The gearing is 3×7 which gives 21 speeds, and unlike many other bikes on this list has trigger shifters making the changes super quick, and getting up and down the cassette is easy. The brakes are liner pull brakes which are basic but will do the job of stopping you quickly.

It comes with 26″ wheels and cross-country tires which offer fast rolling on the road but also can handle themselves on loose terrain.

The Contrex is a simple bike that will offer you a great experience while out cycling. We love the color, and the trigger shifters give it a very sporty feel.

PROS

  • Color is incredible

  • Fun to ride
  • Small 26″ wheels
  • 21 Speeds

CONS

  • Basic Components

  • Would have liked disc brakes

Which type of mountain bike is best for you?

While out shopping for a new mountain bike, you can expect that one of the first questions you’ll be asked will be related to the type of bike you’re looking for.

Mountain bike types vary in terms of what they excel at, so let’s take a look at the different types of mountain bikes to choose from when trying to find the best mountain bikes under 300 dollars. (1)

All-Mountain Bikes

The first type of mountain bike we’ll be discussing is known as the all-mountain bike. These bikes are rugged, and they typically come with bigger wheels.

Many of the people who decide to get all-mountain bikes do so because they want something that specializes in navigating rough, downhill terrain.

They come in really handy if you’re thinking about taking part in one of those enduro races because only the downhill sections are timed.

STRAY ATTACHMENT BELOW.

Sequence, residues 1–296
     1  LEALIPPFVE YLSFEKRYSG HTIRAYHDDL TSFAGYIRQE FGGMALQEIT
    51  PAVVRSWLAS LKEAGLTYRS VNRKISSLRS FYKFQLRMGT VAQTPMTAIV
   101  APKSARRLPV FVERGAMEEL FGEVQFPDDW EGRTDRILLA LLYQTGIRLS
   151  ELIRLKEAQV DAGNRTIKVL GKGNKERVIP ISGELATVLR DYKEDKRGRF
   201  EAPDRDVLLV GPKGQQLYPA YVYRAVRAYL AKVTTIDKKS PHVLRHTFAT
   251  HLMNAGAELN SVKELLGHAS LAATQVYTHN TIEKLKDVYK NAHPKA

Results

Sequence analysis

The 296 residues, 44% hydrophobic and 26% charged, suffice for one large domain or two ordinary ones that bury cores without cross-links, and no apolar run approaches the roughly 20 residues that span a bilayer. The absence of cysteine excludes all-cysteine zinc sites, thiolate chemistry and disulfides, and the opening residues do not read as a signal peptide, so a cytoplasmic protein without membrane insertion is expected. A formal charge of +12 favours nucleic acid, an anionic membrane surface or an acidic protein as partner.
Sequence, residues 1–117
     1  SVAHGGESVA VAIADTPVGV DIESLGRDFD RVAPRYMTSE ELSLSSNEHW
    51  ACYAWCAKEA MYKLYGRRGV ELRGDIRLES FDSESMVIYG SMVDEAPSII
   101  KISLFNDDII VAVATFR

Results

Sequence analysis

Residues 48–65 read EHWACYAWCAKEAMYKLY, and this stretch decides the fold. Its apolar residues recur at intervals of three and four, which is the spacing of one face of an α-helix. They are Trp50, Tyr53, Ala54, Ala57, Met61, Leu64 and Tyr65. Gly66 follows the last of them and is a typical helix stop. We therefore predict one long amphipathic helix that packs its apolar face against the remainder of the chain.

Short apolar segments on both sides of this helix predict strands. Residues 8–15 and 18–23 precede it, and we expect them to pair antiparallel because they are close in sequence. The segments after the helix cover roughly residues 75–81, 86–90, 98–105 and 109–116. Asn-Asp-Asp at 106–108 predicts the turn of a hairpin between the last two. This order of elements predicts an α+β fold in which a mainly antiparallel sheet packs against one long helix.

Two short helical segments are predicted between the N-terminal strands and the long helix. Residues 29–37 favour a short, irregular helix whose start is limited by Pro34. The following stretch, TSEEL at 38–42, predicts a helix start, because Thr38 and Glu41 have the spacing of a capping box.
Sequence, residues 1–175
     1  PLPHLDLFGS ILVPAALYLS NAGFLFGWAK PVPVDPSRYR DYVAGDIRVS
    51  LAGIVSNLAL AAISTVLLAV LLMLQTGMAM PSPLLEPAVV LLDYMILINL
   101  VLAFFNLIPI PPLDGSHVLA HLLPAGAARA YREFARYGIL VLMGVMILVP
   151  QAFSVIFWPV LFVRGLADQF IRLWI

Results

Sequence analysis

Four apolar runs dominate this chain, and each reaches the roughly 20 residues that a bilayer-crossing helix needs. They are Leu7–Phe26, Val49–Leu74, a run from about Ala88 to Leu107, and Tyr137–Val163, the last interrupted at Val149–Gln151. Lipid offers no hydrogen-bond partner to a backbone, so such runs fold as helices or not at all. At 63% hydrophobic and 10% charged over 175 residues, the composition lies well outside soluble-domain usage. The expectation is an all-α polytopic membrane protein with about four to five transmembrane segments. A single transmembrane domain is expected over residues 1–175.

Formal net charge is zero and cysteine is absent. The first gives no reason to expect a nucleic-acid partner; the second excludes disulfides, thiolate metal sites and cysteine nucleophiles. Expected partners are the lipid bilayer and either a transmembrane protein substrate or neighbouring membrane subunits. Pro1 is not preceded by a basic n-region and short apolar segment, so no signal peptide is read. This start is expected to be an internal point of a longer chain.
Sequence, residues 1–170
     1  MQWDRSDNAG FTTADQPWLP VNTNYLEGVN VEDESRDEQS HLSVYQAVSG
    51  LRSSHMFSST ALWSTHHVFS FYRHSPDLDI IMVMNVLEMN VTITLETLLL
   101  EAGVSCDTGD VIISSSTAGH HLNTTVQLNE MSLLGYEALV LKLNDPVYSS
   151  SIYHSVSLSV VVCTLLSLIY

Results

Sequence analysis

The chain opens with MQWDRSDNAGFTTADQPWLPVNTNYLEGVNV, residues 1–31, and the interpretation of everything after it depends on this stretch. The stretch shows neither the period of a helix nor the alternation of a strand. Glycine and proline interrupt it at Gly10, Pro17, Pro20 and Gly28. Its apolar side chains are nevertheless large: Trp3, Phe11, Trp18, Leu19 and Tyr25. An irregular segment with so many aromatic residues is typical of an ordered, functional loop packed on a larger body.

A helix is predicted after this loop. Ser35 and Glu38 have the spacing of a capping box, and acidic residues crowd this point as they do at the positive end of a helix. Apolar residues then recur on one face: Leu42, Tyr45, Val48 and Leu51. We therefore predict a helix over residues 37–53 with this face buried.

They are still suitable for climbing uphill, but that’s not their area of expertise.

Cross Country Bikes

Also known as XC bikes, the cross country bikes may be more familiar to certain riders because they bear a close resemblance to the ones designed to be used on roads.

You shouldn’t expect them to ride similarly to road bikes though.

You can crank up the speed when you’re riding cross country bikes, but they are at their best when used for climbing up various trails.

This is the type of mountain bike that will push you to the limits of your endurance. Don’t be surprised if you find yourself gasping for air often if you’re just getting started with this type of bike.

Build up your stamina by using your cross country bike more often.

Downhill Bikes

All-mountain bikes are meant to be used for downhill riding, but they can still be used in other ways as well. Downhill bikes are all about helping you reach the base of a trail as quickly as possible.

Those who fancy themselves as thrill-seekers can try getting some big air while riding a downhill bike. They also excel at picking up speed. (2)

The downside to downhill bikes is that they really are only useful in one way.

Unless you’re interested in being a full-fledged downhill cyclist, it may be best to get a different type of mountain bike.

Person going down a hill with a downhill mountain bike
A downhill mountain bike in action

Fat Bikes

The types of mountain bikes we’ve already discussed are not exactly designed for new riders, but the fat mountain bike is different.

Though the oversized wheels may make this bike look a bit silly, they are going to be extremely helpful when you’re trying to balance yourself.

The wheels are also designed to easily break through elements such as mud and snow so you don’t need to worry about getting stuck somewhere with this bike at your service.

Learn how to be a better mountain biker by first hopping on a fat bike.

Trail Bikes

Trail bikes are the most ubiquitous type of mountain bike and with good reason.

Though they may not excel in any specific type of riding, they are arguably the most versatile two-wheelers that you can pick up.

Once you’ve gotten the hang of using a fat mountain bike, it’s not a bad idea to graduate to using these trail bikes to up the challenge a bit.